3rd Interim Budget Funds State Through November

3rd Interim Budget Funds State Through November

COLA & Retiree Work Extension In-Works

October 27, 2020: Working in coordination, Governor Charlie Baker and the state legislature have passed a 3rd interim FY21 State Budget that funds the Commonwealth’s operations through November. The first interim budget was passed in late June, covering operations for the month of July. A second budget was then passed to continue operations through October.

As we have previously reported, the reason for the budget delay is the ongoing COVID-19 pandemic and resulting economic turmoil now gripping much of the world. Parts of the Massachusetts economy, such as tourism and hospitality businesses, have been hit extremely hard by the loss of economic activity. This has directly impacted state and local finances, creating great uncertainty regarding expected tax revenues for FY21. 

State officials chose to delay the final adoption of a full budget until such time as more information is available on the true financial impact due to COVID-19. Unfortunately, the budget delay has resulted in the unintended consequence of the FY21 COLA for State and Teacher retirees also being delayed. While funding for the COLA comes from the pension system itself and is not reliant on a direct budget appropriation, the legal authorization for the COLA payment to be made to retirees is contained within the outside sections of the budget.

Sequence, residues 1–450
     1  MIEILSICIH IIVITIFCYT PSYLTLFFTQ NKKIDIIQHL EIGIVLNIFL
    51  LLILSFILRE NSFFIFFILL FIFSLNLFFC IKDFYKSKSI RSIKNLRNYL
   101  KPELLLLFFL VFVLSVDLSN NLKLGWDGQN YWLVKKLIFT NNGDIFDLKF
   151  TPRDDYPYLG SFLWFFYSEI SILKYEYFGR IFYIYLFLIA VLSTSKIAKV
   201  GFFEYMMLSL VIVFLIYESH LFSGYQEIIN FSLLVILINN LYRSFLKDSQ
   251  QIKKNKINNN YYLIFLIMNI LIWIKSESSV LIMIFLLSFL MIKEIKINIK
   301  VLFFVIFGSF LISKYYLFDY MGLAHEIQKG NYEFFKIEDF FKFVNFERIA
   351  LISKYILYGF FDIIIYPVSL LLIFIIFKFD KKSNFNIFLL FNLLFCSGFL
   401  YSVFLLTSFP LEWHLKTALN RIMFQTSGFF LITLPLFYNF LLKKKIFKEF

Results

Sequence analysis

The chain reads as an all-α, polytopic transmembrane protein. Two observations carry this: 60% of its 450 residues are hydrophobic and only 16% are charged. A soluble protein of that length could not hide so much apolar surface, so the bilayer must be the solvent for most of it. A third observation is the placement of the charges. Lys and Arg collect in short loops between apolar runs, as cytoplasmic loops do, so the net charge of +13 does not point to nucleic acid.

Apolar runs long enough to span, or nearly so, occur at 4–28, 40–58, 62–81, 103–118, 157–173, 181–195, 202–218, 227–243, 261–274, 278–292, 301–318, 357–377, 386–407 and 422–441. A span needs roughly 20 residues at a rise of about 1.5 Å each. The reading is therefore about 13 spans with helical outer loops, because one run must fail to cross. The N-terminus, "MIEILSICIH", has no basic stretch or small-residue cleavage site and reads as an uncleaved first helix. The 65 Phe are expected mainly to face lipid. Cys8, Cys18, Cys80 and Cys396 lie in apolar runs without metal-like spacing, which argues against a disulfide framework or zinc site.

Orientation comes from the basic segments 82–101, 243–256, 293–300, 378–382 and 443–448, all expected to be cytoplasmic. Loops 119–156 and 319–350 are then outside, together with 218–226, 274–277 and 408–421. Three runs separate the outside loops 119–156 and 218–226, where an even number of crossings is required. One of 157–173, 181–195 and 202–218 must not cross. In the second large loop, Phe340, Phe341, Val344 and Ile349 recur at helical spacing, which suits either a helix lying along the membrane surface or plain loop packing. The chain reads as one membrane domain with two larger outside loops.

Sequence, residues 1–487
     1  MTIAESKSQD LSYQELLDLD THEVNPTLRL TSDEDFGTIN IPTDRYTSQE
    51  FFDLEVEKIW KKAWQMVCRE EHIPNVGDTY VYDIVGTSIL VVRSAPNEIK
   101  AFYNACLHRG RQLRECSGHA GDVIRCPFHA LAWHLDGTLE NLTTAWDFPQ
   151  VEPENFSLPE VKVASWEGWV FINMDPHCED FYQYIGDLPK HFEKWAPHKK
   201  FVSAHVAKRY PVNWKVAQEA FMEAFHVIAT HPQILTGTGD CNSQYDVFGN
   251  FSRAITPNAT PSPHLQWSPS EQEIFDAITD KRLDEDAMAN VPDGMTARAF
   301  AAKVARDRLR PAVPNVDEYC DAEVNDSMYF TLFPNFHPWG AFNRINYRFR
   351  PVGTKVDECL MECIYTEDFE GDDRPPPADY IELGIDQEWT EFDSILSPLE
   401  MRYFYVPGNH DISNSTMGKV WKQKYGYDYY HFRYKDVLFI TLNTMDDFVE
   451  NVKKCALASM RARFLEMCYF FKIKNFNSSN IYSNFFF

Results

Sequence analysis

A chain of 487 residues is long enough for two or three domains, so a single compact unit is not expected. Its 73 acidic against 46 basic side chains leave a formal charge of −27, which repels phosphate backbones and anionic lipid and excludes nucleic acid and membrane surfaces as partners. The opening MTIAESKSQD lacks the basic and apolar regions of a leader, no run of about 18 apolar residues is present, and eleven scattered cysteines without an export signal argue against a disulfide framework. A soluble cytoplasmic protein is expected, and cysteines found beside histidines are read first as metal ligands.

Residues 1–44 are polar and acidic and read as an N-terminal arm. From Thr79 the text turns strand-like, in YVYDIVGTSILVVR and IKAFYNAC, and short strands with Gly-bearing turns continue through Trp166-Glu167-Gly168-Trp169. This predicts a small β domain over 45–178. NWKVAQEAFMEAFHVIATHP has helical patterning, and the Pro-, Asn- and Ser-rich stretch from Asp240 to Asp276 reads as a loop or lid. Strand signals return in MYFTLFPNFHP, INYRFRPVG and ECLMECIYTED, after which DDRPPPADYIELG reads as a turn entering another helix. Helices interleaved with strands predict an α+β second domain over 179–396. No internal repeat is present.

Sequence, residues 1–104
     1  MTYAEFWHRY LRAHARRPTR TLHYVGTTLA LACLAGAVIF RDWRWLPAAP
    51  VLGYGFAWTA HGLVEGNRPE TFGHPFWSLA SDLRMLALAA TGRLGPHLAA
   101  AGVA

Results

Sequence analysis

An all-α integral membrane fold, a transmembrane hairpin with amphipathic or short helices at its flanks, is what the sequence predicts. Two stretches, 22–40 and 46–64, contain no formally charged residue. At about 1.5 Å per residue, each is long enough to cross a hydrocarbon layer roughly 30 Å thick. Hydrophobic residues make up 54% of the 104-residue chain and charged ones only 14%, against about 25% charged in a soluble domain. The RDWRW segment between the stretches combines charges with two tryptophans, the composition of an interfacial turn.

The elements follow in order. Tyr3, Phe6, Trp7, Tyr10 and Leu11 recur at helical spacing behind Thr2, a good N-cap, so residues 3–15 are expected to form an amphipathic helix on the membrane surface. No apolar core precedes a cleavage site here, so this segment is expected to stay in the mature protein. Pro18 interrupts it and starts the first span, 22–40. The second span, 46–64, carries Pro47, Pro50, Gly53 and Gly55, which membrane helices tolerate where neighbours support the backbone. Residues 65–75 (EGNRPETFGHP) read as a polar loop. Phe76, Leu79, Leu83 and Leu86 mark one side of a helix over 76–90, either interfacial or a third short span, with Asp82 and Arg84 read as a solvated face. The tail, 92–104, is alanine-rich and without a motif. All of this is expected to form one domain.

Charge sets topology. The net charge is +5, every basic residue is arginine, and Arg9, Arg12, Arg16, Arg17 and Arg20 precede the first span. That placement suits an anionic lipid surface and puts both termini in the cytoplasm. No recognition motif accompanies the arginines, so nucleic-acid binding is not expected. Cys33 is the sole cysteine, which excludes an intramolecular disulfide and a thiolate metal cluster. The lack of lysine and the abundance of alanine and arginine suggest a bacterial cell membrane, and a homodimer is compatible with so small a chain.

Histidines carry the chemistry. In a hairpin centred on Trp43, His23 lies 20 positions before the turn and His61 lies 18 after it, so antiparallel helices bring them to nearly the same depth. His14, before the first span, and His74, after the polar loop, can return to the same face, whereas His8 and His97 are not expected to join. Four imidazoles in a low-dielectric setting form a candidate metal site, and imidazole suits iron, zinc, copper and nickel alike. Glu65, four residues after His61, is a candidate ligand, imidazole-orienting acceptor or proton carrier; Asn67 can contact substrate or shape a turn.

Last week, Governor Charlie Baker filed a revised FY21 budget proposal that contains the authorization of a 3% State/Teacher COLA on a $13,000 base retroactive to July 1. This budget is likely to be approved by the House and Senate by mid-November, which would mean that the retroactive COLA payment could be included in the November pension check. 

In addition, the Mass Retirees legislative team is working with the Baker Administration and legislature to extend the waiver for retirees to return to full-time public sector work during the pandemic. All across the Commonwealth, retirees have returned to work to assist in carrying out key government functions in areas of public health, unemployment and other essential jobs. The current waiver expires at the end of 2020, but is hoped to be extended through the duration of the ongoing crisis.

“When the waiver was created back in March, no one anticipated that we’d still be in the grip of the pandemic at the end of 2020, but here we are. We’ve heard from many members who have returned to public service to help out during the pandemic. This includes officials with local boards of health, as well as administrative workers within the state’s unemployment office. All of these retirees are able to help during this crisis by sharing their experience and expertise,” explains Mass Retirees Legislative Liaison Nancy McGovern. “What we are working to do is simply extend the waiver through the full duration of the Governor’s declaration of emergency. This will ensure that the state and local governments continue to get the help they need, while retirees are not placed in a position where they have violated the return to work law. Our hope is to have this issue resolved before the end of the year.”